PCHOF’18 Tintin Brings Worldwide Appeal to Pop Culture Hall of Fame

Long before Indiana Jones or James Bond, another globetrotting adventurer enthralled millions of fans around the world. Tintin, a young Belgian news reporter, travelled high and low in comic strips and then comic books starting in 1929.

For his worldwide (and otherworldly) appeal, Tintin is a 2018 inductee of the Pop Culture Hall of Fame.

First appearing in 1929, Tintin was the main character of two dozen graphic novel style books. They initially were written in French, but over the years have been translated to over 70 languages. While well known in the United States, the comics’ popularity in Europe was and remains off the charts. Over 40 years after the final original book, Tintin continues a cultural comic force overseas.

While the adventures are fantastical, they never stray into silly, sticking to a fairly realistic representation of the 2oth Century. Hergé was a stickler for detail in his characters and their surroundings, endlessly researching locations around the world to be drawn in very real style. He was well known for his automotive stylings, using very specific makes and models that helped set the location and era of his tales. Every single object, location, and character is drawn with very real proportions aside from peoples’ heads and faces, which were far more stylized and comical.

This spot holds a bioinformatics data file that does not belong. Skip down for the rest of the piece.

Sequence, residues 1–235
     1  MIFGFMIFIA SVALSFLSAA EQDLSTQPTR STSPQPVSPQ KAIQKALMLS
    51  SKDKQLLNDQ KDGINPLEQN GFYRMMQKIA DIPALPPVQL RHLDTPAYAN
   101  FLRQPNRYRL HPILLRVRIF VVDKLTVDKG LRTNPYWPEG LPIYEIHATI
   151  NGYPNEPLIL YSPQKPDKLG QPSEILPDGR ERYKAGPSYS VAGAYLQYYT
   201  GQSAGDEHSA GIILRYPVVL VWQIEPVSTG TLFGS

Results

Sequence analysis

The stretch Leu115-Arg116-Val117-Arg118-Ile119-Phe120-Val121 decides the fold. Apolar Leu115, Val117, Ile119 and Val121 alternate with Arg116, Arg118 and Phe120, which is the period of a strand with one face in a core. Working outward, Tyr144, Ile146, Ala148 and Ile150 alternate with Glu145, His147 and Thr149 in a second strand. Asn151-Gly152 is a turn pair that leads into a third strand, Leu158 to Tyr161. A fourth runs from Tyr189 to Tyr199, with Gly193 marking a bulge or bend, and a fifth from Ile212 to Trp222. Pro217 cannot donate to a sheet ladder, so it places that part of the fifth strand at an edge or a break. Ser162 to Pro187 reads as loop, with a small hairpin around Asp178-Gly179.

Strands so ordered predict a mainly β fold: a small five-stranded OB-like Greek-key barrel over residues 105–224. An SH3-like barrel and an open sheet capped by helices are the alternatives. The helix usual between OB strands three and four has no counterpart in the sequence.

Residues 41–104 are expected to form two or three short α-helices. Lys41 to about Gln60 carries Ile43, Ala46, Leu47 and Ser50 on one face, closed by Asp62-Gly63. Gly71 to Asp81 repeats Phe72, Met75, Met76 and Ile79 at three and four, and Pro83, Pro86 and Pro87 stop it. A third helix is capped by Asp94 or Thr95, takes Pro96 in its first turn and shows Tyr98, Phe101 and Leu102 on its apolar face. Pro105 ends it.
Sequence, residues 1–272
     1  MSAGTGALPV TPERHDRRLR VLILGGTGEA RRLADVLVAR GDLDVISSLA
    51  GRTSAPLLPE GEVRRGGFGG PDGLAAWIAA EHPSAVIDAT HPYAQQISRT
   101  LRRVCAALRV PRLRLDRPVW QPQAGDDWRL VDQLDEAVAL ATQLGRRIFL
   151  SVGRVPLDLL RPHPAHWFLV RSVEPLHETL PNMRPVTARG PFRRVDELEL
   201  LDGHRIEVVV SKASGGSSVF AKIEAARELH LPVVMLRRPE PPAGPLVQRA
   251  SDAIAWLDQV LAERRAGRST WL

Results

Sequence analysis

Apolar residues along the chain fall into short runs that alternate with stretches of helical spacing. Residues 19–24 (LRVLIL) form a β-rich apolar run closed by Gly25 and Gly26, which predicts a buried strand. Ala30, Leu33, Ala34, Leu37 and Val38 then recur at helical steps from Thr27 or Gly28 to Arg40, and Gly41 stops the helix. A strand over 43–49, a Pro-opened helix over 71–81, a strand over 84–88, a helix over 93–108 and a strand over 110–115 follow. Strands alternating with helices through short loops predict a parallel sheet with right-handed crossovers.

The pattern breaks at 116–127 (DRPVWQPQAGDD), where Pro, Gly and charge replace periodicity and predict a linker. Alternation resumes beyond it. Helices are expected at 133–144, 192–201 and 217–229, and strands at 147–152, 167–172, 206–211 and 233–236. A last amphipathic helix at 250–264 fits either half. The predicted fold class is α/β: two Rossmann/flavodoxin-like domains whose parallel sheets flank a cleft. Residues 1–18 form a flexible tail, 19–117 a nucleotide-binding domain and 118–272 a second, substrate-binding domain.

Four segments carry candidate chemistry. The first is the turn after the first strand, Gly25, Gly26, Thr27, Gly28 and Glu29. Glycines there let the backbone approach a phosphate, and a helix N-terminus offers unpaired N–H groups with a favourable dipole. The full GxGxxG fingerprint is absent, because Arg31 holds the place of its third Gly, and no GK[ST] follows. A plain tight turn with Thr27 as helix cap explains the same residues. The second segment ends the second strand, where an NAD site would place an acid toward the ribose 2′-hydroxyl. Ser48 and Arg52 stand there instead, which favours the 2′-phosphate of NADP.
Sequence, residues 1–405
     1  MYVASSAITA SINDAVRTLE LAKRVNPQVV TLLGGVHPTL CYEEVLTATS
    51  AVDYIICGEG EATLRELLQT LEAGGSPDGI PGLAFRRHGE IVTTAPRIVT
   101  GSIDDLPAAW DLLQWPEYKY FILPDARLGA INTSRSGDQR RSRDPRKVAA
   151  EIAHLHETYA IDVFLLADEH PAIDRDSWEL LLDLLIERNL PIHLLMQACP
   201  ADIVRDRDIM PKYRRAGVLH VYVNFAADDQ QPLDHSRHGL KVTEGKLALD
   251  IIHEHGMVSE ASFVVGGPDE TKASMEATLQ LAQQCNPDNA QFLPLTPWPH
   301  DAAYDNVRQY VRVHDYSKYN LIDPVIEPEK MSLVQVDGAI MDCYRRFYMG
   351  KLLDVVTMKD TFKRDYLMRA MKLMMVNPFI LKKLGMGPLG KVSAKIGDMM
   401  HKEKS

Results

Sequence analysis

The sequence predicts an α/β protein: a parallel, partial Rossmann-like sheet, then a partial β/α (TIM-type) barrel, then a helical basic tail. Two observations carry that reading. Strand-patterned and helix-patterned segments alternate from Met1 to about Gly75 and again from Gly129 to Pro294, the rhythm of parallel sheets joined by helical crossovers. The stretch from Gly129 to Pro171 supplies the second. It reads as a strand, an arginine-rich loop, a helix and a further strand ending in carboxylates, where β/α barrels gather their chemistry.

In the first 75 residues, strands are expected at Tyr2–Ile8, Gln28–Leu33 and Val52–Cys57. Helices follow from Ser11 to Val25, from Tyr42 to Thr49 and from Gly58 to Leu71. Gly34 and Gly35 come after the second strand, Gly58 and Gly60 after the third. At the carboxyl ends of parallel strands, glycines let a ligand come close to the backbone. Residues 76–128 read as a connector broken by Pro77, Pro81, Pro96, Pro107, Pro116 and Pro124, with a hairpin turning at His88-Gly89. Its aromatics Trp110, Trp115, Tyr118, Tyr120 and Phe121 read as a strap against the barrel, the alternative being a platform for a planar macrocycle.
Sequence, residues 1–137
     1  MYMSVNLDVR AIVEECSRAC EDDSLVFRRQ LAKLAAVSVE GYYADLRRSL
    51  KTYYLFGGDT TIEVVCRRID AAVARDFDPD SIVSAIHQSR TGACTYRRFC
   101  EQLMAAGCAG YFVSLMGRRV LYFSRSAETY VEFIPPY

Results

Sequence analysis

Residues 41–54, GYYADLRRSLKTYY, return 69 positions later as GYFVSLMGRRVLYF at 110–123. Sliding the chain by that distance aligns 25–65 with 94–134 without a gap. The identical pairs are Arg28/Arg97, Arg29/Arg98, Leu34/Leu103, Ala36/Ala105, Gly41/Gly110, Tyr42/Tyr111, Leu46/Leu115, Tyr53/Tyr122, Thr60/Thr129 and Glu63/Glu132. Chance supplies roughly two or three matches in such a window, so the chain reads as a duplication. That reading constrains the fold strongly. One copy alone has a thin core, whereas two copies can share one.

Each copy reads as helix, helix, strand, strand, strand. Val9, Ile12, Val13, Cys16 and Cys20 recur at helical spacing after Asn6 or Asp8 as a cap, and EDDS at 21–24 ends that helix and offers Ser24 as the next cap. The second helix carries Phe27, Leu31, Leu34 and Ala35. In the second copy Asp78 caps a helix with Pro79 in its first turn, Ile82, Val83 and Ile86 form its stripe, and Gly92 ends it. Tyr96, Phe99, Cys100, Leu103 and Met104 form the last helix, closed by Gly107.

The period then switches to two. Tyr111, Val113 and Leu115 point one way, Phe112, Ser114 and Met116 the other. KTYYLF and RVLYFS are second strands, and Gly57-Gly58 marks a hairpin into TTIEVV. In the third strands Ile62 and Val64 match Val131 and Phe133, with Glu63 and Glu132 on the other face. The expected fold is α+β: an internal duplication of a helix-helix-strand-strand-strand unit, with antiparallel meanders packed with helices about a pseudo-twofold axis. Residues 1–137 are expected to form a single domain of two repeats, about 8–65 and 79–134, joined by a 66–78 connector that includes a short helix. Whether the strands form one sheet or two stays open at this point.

Even his fantastic, futuristic two volume “Destination Moon” was rooted in a certain plausible realism of the time. The red and white checkered rocket ship is almost as iconic as any of the characters. In addition to the publications, countless toys, action figures, and model cars (and rockets!) have been produced representing Tintin, Captain Haddock, Snowy and the rest of the cast.

Tintin was the subject of a Steven Speilberg movie in 2011, combining major plots of three of Hergé’s comics. The motion capture film mixed realistically proportioned surroundings with stylized character faces in a lively homage to the original style. Crazy stunt pieces, an intricate plot and childlike wonder made it the perfect vehicle for Spielberg.

Georges Remi derived his pen name after his initials “RG” which in French sounded like “Hergé.” Today, the Hergé Museum, in Louvain-la-Neuve, Belgium, celebrates his life and his work. The PCHOF is doing the same.